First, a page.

December 6, 2022

The Honourable Minister Steve Clark
Minister of Municipal Affairs and Housing
Ministry of Municipal Affairs and Housing
17th Floor, 777 Bay Street
Toronto, ON  M5G 2E5

Dear Minister Clark:


The Ontario BIA Association (OBIAA) has been a clear advocate for the need for affordable housing and social housing that comes with 24-hour wrap-around support.  We commend the Government of Ontario for taking bold steps to address this challenge but are concerned that some of these steps are in the wrong direction for the health and welfare of our communities, especially our main streets.

We note, with interest, AMO’s submission as it outlines key areas of concerns for municipal government.  OBIAA shares some of AMO’s concerns.  AMO recommends, and OBIAA wholeheartedly agree, that a number of provisions should be removed, including those that shift the costs of growth to property taxpayers; those that undermine good planning practices and community livability; and those that increase risks to human and environmental health.


Bill 23 is a heavy financial burden that will shift the cost of growth onto municipalities and property taxpayers, as well as bankrupt future infrastructure maintenance.

Bill 23 is focused on rezoning 7,400 acres of the Greenbelt.  These areas do not have existing infrastructure and without being able to charge, the addition of this infrastructure will come at the detriment of current areas.  This will also create more ‘sprawl’ and at the expense of existing main street areas that are already in need of improvements and upgrades.  There is a strong body of research supporting communities needing to be built on the complete community (15-minute community).  As per the Province of Ontario’s “the Growth Plan promotes the development of complete communities where people can live, work, shop and access services in close proximity”.  We find Bill 23 contradictory to this Growth Plan.

Expanding growth, through sprawl, will not fiscally support existing, let alone increased, service level needed under the proposed changes. We agree that additional housing supply is warranted; however, housing alone does not create community.

We would like to propose that an inventory be completed of existing used and potential residential buildings and support given to property owners to ensure any vacant residential spaces become used. One of the biggest challenges in our downtowns is absentee landlords with vacant properties, by encouraging these spaces to be fully utilized it will not only add additional housing but will add vibrancy to our main streets.  Our main streets have existing infrastructure, community and transportation links that tend towards complete streets.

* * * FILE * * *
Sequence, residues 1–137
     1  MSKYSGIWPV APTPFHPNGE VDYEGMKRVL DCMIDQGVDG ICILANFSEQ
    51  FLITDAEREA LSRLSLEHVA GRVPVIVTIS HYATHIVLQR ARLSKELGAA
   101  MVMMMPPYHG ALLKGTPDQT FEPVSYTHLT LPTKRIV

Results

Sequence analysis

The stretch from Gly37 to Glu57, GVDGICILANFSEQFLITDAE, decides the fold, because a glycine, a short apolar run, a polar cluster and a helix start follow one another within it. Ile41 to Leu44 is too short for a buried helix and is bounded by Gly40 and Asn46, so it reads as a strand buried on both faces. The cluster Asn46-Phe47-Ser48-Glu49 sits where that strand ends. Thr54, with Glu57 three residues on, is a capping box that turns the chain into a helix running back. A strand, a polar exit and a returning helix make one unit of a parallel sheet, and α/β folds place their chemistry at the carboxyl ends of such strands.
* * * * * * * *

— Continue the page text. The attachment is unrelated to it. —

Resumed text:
Bill 23 may fundamentally change the municipalities and communities’ role and responsibilities in determining the place where they play, live and work.  Without being able to protect the authenticity of a neighbourhood it limits a municipalities ability to connect to their past, interpret their history and see the benefits to the local economy by attracting both visitors and residents, in a holistic and efficient way that reflects local realities.

The very nature of an area could be destroyed if there is no local authority or consultation around the demolition and conversion of properties – residential, commercial and heritage. Additionally, this may result in the loss of thousands of heritage properties across Ontario.

There will be limited incentive to list buildings proactively unless it is anticipated that they are under threat of demolition or development. Rather than being proactive with listings, municipalities will now have to be reactive.

The loss of this nature could very well destroy the fabric of the main street community and its economic viability.  It is often this heritage and unique nature that makes the area an economic and tourism draw.

One resource could be to support municipalities to implement Downtown Heritage Districts (similar to Cobourg, Collingwood, Port Hope, Cambridge and Peterborough).  Or amend Bill 23 to allow the main street character to be taken into consideration as worthy of consideration in reviewing new housing site plans.  As mentioned, the heritage aspects are often richest in our downtowns and by implementing Heritage Districts it will at least allow protection over these heritage attractions.


The Ontario BIA Association recognizes there is a nationwide housing affordability crisis as it is very evident in the social issues affecting our main streets.

Decisions being made today are having a direct impact on our main streets, our ability to feed our citizens, our greenspaces, and our future.  These sweeping changes need to be grounded in consultation with the municipalities, BIAs, and our communities.

OBIAA, as always, looks forward to working together in creating an Ontario that is respectful, economically vibrant, sustainable, and supportive to all needs.



Kay Matthews, Executive Director
Ontario BIA Association

2022 – OBIAA Letter regarding Bill 23

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